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Karel Schoeman, one of South Africa's most celebrated writers, is
the author of eighteen novels and numerous historical works. In
1961 he joined the order of the Franciscans in Ireland, but was
released from his vows and turned to library science. Schoeman has
worked as a librarian in Amsterdam and South Africa, and has
translated several world literary classics into Afrikaans. In 1999
he was one of only two living South African writers to be honored
with a State President's Award by Nelson Mandela. His has received
many literary awards including- the Hertzog Prize in 1970, 1986 and
1995; the SAUK Prize for African TV dramas 1990; the Stals Prize
for Cultural History 1997; and the Louis Hiemstra Prize for non
Elsa Silke is a translator, editor and lecturer. In 2006, she was awarded the SATI/Via Afrika Prize for her translation of Karel Schoeman's This Life. She lives in the Strand, South Africa.
"Schoeman's prose comes most alive in descriptions of the South African countryside, tracing light and shadow over the veld. He is unsparing with his characters, giving them few paths for easy resolution." -- Roy Hoffman, The New York Times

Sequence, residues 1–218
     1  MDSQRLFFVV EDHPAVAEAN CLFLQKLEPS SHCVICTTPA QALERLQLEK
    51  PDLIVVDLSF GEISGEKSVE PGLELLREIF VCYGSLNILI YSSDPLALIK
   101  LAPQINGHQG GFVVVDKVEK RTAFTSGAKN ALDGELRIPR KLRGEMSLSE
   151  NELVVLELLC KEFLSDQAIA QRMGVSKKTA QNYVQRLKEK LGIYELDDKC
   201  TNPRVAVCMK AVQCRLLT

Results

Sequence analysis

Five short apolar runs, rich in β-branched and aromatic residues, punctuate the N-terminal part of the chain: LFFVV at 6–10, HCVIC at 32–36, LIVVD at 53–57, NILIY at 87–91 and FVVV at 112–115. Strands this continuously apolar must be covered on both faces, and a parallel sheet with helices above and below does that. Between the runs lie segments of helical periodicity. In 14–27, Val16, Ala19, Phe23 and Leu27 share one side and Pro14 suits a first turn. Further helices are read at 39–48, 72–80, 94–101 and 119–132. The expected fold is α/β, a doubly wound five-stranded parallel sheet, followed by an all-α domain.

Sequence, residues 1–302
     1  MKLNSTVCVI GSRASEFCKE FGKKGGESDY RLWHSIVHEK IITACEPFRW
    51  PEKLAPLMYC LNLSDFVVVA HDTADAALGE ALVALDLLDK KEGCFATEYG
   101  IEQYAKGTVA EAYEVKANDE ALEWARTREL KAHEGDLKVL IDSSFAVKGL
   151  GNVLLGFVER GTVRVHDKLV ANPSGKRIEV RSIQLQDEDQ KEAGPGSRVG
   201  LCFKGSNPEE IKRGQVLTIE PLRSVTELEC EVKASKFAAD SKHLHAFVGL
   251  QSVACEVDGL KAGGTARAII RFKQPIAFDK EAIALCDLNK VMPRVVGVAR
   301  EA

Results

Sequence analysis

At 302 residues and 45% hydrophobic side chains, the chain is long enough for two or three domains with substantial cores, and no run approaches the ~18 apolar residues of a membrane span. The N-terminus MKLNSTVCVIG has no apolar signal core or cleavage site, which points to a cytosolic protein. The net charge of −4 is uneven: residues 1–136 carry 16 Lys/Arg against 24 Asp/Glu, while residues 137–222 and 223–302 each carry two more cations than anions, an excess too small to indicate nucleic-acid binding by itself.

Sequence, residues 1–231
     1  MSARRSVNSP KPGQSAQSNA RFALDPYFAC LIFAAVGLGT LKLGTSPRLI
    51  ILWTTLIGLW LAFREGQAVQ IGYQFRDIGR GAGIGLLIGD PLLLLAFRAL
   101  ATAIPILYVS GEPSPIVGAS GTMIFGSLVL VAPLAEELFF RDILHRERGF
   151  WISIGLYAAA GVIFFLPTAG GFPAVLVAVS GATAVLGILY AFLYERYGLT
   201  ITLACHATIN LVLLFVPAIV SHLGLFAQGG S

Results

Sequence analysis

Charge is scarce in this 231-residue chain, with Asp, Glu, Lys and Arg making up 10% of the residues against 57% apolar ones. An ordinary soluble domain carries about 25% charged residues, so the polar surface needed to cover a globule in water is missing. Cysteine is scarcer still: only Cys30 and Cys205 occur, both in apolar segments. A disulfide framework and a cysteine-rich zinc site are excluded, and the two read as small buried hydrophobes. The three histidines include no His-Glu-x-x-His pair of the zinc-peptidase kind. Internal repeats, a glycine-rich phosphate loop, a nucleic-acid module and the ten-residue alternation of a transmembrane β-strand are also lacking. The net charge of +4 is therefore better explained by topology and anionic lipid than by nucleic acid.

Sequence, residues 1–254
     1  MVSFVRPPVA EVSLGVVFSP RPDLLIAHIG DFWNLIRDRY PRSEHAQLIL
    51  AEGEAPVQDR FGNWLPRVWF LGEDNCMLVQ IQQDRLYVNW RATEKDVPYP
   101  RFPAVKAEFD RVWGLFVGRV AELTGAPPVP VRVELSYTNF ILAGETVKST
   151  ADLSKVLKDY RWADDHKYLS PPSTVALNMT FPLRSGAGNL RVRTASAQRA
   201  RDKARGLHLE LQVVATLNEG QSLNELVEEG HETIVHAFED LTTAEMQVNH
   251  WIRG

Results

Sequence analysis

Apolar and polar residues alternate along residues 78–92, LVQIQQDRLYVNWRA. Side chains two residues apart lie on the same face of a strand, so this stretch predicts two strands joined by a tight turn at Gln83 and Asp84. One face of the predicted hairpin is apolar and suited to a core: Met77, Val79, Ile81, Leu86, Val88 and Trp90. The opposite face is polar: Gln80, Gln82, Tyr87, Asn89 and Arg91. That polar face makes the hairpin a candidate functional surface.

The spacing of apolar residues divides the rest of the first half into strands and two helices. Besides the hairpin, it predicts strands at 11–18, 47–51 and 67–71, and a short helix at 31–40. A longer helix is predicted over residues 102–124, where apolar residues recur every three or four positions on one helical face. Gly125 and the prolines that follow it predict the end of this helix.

"Mr. Schoeman, in Else Silke's lucid translation, gives Sussie a whispering, almost incredulous voice as she sifts through the evidence from her life, pursuing answers to the mystery of her childhood. . . One of the author's most striking skills is his ability to turn these lethargic figures, so distant from their own inner lives and needs, into objects of empathy." -- The Wall Street Journal "Schoeman brings together the threads of mystery, loss, and progress in a haunting final scene. . . [S]ubtle and sometimes mysterious, arriving at its most powerful moments unpredictably and honestly." -- Kirkus Reviews "Translated from Afrikaans, this post-Apartheid novel carries the reader through four generations of Afrikaners and the value of memory. The tale of one woman and her deathbed reflections, it is a convergence of past and present permeated by gothic tones. This Life lyrically covers fear, violence, suffering, and other dark pockets of life while also stretching beyond itself into a modern melodrama about reconciliation." -- World Literature Today " There is so much I love about this novel. Its rhythm is near tectonic. It's slow as hell and it makes no apologies about it. It's profoundly indifferent to its audience, but not in a way that manifests in grating overt cleverness or narrative tricks. This is the opposite of that. Schoeman's unnamed narrator has no idea what an audience even is. She only tells her story from her death bed because she wants to understand her life. . . By the end (thanks to a particular narrative turn), I was reminded of The Magic Mountain. Like Mann's great novel, This Life is a narrative in a kind of sanatorium. The dramas are small and specific to these people and this place, and it takes very little, ultimately, to expose the fragility of it all. Schoeman's narrator, however, unlike Hans Castorp, doesn't "come of age" in exchange for her time. She learns some, sure, but it comes much too late. " -- Chad Felix, Bookseller at WORD Brooklyn